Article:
In addition, although research suggests that word generation is comprised of an initial semiautomatic retrieval phase, where many words are produced, followed by a later effortful retrieval phase (Fernaeus & Almkvist, 1998; Ober, Dronkers, Koss, Delis, & Friedland, 1986), the temporal characteristics of MCI participant's verbal fluency performance have not been widely investigated. According to Fernaeus and Almkvist (1998), looking at word generation in terms of two time frames rather than one global measure will lead to more detailed information about the functioning of word retrieval from memory. In a recent study with neurologically healthy adults, the mean cluster size and switching production, as well as the number of words generated, were found to decrease with time (Raboutet et al., 2010). Furthermore, consistent with the theory that greater executive resources are necessary to complete a demanding task over time (Fuster, 1997), participants with executive impairment (i.e., Parkinson's disease dementia, vascular dementia, dysexecutive MCI) showed impaired temporal gradients on total words produced on letter fluency compared with control participants and individuals with amnestic deficits (Eppig et al., 2011; Lamar, Price, Davis, Kaplan, & Libon, 2002). To better understand organization strategies and word retrieval, in this study, we examine word, cluster, and switch generation during two 30 s time frames to determine how temporal processing impacts the performance of MCI participants.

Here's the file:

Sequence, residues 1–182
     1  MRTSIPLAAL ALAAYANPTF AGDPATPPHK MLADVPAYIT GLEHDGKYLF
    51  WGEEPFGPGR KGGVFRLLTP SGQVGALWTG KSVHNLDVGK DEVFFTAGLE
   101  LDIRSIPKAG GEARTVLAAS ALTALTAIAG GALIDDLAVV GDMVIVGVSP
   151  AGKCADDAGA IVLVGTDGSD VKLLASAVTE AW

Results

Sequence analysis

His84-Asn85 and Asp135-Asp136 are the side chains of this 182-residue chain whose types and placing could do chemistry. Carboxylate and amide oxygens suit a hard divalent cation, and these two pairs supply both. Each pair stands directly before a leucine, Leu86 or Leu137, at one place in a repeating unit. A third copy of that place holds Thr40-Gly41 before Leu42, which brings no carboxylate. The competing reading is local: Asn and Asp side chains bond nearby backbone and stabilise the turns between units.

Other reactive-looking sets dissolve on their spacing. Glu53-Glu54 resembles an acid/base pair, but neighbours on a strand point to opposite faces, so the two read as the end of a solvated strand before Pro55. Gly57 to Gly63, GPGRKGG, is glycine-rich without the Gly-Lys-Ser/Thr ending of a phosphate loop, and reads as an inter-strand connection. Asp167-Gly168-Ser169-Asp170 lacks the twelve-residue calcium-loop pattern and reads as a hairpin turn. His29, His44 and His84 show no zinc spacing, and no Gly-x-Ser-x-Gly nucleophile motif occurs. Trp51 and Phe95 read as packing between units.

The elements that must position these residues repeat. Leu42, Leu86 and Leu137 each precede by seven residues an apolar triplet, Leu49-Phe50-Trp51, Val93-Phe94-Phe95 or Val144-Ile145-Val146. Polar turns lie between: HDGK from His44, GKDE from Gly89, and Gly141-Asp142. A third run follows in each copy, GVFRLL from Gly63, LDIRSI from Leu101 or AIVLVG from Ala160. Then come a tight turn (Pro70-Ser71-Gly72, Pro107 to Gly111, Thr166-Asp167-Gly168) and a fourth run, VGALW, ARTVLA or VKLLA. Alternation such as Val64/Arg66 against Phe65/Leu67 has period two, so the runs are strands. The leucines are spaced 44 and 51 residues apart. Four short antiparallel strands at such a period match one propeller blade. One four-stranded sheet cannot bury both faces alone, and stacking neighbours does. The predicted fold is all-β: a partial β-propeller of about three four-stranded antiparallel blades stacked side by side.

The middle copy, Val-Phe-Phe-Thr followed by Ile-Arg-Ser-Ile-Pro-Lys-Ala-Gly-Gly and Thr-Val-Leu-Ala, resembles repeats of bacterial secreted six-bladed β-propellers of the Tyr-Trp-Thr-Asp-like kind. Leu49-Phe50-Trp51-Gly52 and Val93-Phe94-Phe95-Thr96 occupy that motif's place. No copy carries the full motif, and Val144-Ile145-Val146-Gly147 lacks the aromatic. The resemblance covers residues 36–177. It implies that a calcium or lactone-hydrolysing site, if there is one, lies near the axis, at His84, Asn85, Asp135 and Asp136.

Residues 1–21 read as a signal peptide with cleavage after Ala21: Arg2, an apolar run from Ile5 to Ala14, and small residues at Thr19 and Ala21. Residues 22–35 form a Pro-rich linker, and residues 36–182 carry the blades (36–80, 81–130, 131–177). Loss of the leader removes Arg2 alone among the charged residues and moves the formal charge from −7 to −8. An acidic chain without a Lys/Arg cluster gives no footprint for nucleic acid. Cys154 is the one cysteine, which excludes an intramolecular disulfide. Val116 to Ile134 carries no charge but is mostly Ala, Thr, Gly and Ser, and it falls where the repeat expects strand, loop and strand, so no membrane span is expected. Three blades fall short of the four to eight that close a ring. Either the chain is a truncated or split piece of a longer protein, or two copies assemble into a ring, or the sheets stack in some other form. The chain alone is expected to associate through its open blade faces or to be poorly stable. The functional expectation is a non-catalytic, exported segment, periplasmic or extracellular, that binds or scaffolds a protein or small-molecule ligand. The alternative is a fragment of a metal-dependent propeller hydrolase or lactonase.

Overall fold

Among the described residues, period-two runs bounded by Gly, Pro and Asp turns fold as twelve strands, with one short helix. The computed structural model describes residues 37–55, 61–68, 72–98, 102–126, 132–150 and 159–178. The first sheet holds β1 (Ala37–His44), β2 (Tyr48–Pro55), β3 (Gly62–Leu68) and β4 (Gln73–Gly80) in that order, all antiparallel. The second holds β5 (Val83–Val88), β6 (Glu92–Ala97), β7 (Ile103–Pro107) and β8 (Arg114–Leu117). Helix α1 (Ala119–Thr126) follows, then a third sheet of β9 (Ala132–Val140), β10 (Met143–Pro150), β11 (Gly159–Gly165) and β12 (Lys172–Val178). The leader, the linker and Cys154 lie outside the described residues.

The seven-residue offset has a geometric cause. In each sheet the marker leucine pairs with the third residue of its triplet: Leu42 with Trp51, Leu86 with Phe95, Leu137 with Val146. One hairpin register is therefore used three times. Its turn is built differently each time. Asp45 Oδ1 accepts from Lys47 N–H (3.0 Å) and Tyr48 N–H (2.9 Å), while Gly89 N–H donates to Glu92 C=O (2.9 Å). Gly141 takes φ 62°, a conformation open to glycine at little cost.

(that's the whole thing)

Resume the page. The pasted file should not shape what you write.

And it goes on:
The aim of the present study was to (a) determine time-dependent patterns of verbal fluency responses, switches, and clusters for single- and multidomain aMCI and naMCI compared with neurologically normal older adults; and (b) investigate relationships between components of verbal fluency ability and neuropsychological factors thought to be important to verbal fluency ability (i.e., language ability and executive functioning; Taler & Phillips, 2008). To examine verbal fluency ability, letter and category fluency total responses, number of switches, and mean cluster sizes were measured across two 30 s intervals. We hypothesized that all groups would exhibit a pattern of rapid word retrieval followed by an effortful retrieval phase and that cluster and switch production would also decrease across the time interval. Based on the reviewed literature, we further hypothesized that individuals with single-domain aMCI would not differ significantly from controls in overall performance or in cluster size and the number of switches. Multidomain aMCI was expected to perform more poorly on category versus letter fluency and produce fewer words and clusters than controls. In contrast, naMCI was hypothesized to produce fewer words and switch less than controls on both category and letter fluency and show equivalent deficits on the two fluency tests.